My role requires me to be on the phone with advisors and their staff every day. Something many advisors want to know is how to write a professional biography. I'll be the first to tell you that this can be more challenging than you may expect. Oh sure, it's easy to mention titles, educational history, and past jobs. But you also need to present this information in a compelling way that will make prospects want to work with your firm. So, where do you start? Here, I'll give you some tips on creating a professional biography that tells your story.
As with any marketing effort, you’ll want to make sure that you speak to your audience in a clear and approachable manner. Avoid using terms like “comprehensive” and “holistic,” as these points don’t differentiate you and your firm. Instead, say the stuff that matters: the goals that you help your clients achieve or the concerns that you more commonly address with them. After reading your biography, prospects should know whether they would be a good fit for you.
A well-written professional biography is an opportunity to help create a great first impression. In an Internet world driven by the Google search, for example, prospects and centers of influence base their impression of your firm on the pictures and stories you provide. Making biographies clear, concise, complete, and engaging is more important than ever.
5 Tips to Get Started
Sometimes, the hardest part of telling a story is figuring out where to begin. With this in mind, I've compiled five tips to help get you started in creating your professional biography.
1) Start with “why you do what you do.” Your introductory paragraph should tell why you are in the business and identify the people you are passionate about helping. Is there a reason that you focus on a particular niche of clients (e.g., physicians, business owners, or individuals who are at or near retirement)? If so, what makes you an expert in that niche? Including such detail makes the text more interesting, hooks the reader, and helps in terms of marketing your firm because it establishes genuine credibility within your professional story.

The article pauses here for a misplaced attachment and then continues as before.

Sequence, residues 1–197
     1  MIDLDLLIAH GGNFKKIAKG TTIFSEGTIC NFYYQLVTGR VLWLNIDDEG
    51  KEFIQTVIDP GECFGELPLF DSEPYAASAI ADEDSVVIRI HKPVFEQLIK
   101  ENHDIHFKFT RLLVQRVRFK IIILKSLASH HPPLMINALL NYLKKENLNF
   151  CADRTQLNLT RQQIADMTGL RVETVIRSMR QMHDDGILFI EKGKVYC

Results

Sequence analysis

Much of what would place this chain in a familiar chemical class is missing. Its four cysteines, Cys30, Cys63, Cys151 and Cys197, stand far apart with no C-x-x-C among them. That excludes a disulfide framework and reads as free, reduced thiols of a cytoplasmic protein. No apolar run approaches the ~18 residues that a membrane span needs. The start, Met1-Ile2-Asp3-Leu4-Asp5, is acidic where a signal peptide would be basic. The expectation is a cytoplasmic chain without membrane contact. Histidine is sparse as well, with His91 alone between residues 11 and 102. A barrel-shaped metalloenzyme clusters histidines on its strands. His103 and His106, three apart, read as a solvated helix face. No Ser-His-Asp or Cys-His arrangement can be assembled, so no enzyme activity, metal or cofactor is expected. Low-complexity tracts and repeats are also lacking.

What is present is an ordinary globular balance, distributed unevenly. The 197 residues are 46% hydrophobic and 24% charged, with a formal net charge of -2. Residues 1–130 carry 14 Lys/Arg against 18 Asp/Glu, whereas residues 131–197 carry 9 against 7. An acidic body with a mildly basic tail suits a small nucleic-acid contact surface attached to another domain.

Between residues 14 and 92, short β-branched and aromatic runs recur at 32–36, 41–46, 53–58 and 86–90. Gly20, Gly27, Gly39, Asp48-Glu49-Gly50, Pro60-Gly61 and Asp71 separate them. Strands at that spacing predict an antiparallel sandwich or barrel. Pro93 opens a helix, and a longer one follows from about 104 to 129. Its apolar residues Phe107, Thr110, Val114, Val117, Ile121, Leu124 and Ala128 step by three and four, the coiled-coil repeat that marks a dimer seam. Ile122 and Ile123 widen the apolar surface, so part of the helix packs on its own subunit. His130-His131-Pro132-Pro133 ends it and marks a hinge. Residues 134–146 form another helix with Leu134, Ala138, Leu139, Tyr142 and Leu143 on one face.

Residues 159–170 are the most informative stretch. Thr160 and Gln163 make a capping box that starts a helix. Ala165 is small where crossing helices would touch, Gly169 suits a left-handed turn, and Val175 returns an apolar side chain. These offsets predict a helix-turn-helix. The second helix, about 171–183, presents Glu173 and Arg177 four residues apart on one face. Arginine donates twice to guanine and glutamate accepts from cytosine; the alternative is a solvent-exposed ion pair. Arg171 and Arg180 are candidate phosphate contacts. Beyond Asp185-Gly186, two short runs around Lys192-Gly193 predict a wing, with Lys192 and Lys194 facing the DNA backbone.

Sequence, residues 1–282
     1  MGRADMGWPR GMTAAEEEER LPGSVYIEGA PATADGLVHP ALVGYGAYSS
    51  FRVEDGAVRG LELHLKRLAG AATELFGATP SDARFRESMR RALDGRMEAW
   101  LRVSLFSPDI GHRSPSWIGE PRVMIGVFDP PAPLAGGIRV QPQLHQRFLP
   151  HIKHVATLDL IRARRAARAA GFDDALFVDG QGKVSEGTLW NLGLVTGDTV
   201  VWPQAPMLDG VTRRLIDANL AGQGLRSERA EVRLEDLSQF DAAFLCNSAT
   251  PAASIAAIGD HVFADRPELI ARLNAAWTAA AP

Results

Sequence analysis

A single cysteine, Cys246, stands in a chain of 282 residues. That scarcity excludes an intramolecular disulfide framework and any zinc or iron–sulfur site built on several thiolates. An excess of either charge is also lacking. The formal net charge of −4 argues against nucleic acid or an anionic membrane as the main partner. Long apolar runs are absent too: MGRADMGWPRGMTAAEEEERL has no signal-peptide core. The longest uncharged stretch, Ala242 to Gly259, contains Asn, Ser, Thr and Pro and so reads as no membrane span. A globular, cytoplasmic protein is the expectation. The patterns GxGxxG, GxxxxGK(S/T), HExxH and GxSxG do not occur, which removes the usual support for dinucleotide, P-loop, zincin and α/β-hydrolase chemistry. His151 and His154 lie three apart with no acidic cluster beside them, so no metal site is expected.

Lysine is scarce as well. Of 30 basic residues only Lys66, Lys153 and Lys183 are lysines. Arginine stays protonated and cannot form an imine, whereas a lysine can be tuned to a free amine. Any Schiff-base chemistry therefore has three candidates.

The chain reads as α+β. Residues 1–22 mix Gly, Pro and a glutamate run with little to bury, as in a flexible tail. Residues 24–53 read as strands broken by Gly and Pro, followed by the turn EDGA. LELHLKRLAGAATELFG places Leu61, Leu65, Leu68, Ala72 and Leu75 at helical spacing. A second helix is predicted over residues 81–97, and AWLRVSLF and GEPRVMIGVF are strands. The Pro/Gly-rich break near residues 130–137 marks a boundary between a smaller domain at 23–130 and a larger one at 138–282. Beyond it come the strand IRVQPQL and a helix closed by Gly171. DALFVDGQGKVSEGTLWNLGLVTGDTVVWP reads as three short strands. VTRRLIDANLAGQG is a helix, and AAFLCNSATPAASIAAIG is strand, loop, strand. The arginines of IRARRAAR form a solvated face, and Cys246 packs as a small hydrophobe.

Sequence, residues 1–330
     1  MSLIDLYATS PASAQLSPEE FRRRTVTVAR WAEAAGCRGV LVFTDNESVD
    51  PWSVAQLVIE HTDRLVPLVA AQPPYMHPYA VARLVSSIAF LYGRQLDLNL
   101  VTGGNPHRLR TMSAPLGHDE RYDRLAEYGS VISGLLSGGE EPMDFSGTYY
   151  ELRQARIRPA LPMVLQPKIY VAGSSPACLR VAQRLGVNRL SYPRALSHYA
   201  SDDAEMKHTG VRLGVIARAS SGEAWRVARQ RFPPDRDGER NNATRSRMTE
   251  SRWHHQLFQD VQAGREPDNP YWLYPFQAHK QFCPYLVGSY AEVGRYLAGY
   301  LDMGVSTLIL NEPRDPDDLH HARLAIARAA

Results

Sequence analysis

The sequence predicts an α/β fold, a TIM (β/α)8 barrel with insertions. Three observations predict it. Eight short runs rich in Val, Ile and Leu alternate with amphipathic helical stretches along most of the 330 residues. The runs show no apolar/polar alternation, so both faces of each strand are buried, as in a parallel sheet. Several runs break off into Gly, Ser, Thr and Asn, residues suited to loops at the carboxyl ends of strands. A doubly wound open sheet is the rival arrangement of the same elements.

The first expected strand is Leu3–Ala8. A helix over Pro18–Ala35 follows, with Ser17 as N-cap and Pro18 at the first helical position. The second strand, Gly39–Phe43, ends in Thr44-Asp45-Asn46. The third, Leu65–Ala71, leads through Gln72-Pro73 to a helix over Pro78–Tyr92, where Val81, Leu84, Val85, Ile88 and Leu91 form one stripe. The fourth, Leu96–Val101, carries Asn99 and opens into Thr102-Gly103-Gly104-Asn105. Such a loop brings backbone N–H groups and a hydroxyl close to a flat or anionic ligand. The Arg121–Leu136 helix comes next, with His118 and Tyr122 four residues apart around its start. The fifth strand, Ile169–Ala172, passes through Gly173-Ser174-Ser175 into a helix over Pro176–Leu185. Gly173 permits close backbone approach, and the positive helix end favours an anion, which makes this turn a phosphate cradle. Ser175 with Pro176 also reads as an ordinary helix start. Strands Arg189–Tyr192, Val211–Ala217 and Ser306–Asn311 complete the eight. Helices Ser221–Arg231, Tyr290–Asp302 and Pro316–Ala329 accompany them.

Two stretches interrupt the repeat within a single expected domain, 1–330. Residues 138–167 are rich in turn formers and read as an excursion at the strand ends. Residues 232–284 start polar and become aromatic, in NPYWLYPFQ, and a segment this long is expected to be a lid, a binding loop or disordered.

2) Position yourself. Explain who you are and your specific role at the firm. If you founded the firm, say what led you to that decision. Briefly, describe your career background. Why did you enter the financial services business? In some detail, include your relevant work experience.
3) Include a picture (it's worth a thousand words). You’ll want to include a head shot that speaks to your personal brand. Wear the type of clothes your clients are used to seeing you in, as you don’t want an overly polished online image to make you appear phony. You might consider adding a group shot of everyone who works at the firm as well. It's a friendly gesture and a wise step in terms of marketing. Just be sure that everyone in the picture smiles!
4) Add the personal touch. One important piece that is sometimes overlooked is the personal information section. Use a paragraph or two of the biography to mention a little bit about your personal life and interests. Do you have a family? Are you a golfer or someone who enjoys fishing? Do you coach your daughter's high school basketball team? Most readers enjoy knowing what others do with their time outside of work. Further, prospects always want to find out as much as possible about the individual or individuals to whom they will be entrusting their finances. It's also a nice idea to include information about charitable organizations that you (or your firm) might be involved in.
5) Don't forget to include education, designations, and any FINRA licenses. List the universities that you attended and highlight specific courses taken. Be sure to mention industry licenses or designations, as these also strengthen credibility. (You might list these designations at the bottom of your biography, showing that you’re qualified in a way that doesn’t interfere with the specifics of how you help people.) In addition, highlight any books, articles, or other publications that you have written or contributed to. If the publications are online, be sure to provide links so that readers can see for themselves.